Carers Week is a national campaign to raise awareness of caring, one that celebrates the contribution made by the UK’s 6.5 million unpaid carers to those they care for and their wider communities.

Given an ageing population and the greater prevalence of complex health conditions that comes with longevity, Carers UK, the charity behind the campaign, estimates that the number of carers will rise to 9 million by 2037 – all the more reason that we focus on caring for the carers!

Almost 1.3 million people over 65 are carers; at the same time we’re seeing increasing numbers of children and young adults taking on caring responsibilities.

A huge number of us will become carers at some point whether for a brief, intense period, permanently or just occasionally. Caring can be hugely satisfying and reveal strengths that people never thought they had. But without the right support it can also be devastating, sometimes leading to ill-health, poverty and social isolation.

The focus of Carers Week 2018 is supporting carers to stay ‘Healthy and Connected’; the campaign calls on services and organisations across the country to help carers to access the practical, financial and emotional support them need to maintain their own wellbeing.  Carers do an amazing job looking after their loved ones, but they are individuals with health and wellbeing needs of their own.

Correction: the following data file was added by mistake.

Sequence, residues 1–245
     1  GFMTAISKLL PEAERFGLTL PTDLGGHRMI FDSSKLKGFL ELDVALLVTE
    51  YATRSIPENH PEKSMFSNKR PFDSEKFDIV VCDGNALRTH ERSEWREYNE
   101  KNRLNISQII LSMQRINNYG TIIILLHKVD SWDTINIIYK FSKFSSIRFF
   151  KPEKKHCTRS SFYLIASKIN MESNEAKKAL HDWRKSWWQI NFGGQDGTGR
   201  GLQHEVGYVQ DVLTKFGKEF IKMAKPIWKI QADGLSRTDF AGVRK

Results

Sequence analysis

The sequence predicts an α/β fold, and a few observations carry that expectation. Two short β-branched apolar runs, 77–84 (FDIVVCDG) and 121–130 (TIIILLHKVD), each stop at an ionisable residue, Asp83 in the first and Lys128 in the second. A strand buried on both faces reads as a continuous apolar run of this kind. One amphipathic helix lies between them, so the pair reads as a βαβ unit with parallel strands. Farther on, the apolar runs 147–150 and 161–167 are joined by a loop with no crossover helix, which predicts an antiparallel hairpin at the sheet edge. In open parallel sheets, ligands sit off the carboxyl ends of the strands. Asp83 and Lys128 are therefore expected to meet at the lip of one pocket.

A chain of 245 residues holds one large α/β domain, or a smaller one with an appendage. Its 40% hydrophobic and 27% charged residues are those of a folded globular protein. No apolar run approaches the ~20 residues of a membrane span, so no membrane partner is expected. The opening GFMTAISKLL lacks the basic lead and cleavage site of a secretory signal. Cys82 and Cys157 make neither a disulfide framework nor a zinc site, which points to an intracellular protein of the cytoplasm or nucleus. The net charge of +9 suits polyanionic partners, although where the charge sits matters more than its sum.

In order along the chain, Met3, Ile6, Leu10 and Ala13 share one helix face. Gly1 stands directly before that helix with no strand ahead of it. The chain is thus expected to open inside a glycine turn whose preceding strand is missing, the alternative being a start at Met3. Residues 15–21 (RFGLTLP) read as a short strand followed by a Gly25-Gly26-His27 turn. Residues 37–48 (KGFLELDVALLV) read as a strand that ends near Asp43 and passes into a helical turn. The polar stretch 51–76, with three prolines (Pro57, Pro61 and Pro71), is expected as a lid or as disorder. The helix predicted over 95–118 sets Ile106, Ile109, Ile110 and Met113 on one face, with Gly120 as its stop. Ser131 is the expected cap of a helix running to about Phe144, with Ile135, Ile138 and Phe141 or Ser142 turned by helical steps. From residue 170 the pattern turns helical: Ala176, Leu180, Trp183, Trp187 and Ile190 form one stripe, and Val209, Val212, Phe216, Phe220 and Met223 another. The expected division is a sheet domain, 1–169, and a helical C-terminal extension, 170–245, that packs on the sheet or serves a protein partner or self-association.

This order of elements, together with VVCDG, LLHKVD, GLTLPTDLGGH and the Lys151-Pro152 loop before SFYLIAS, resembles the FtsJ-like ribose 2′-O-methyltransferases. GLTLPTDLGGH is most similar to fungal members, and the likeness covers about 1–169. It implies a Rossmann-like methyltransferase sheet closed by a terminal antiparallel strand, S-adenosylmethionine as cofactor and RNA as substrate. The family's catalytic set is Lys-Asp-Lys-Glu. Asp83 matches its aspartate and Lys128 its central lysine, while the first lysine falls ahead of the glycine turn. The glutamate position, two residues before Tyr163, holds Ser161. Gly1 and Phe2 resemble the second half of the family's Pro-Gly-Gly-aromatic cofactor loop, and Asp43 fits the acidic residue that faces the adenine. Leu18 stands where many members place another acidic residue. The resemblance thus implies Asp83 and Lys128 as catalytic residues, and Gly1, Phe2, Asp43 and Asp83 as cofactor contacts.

Brain Injury Group and its members support carers as well as the individuals directly affected by brain injury.

You can find more information about how the carers of people affected by brain injury can access emotional and practical support here.   If you’re a carer in need of help and advice about making decisions for other people, you might want to talk to one of the Court of Protection specialists amongst our members. You can find details here.

Brain injury and carers

Brain injured people often become dependent on family members who have had the role of carer thrust upon them without warning.

Some have the help of professionals, medical teams and care workers; some may be left virtually alone to get on with providing the care their loved one needs.

Without exception, becoming a carer for someone with a brain injury is a significant commitment that deserves recognition; as a network dedicated to the support of brain injured people and their families, Carers Week is a campaign that’s close to our hearts.

These case studies show what it means to be a carer.

  • Sue cares for her husband Charles; he suffered extensive brain damage and was left severely disabled following a cycling accident.
    Read Sue’s story here.
  • Sandra* works full time whilst caring for her husband Andrew* who was seriously injured in a motorcycle accident.
    Read Sandra’s story here.

Carers Week 2018 takes place 11-17 June. Sign up here to show your support.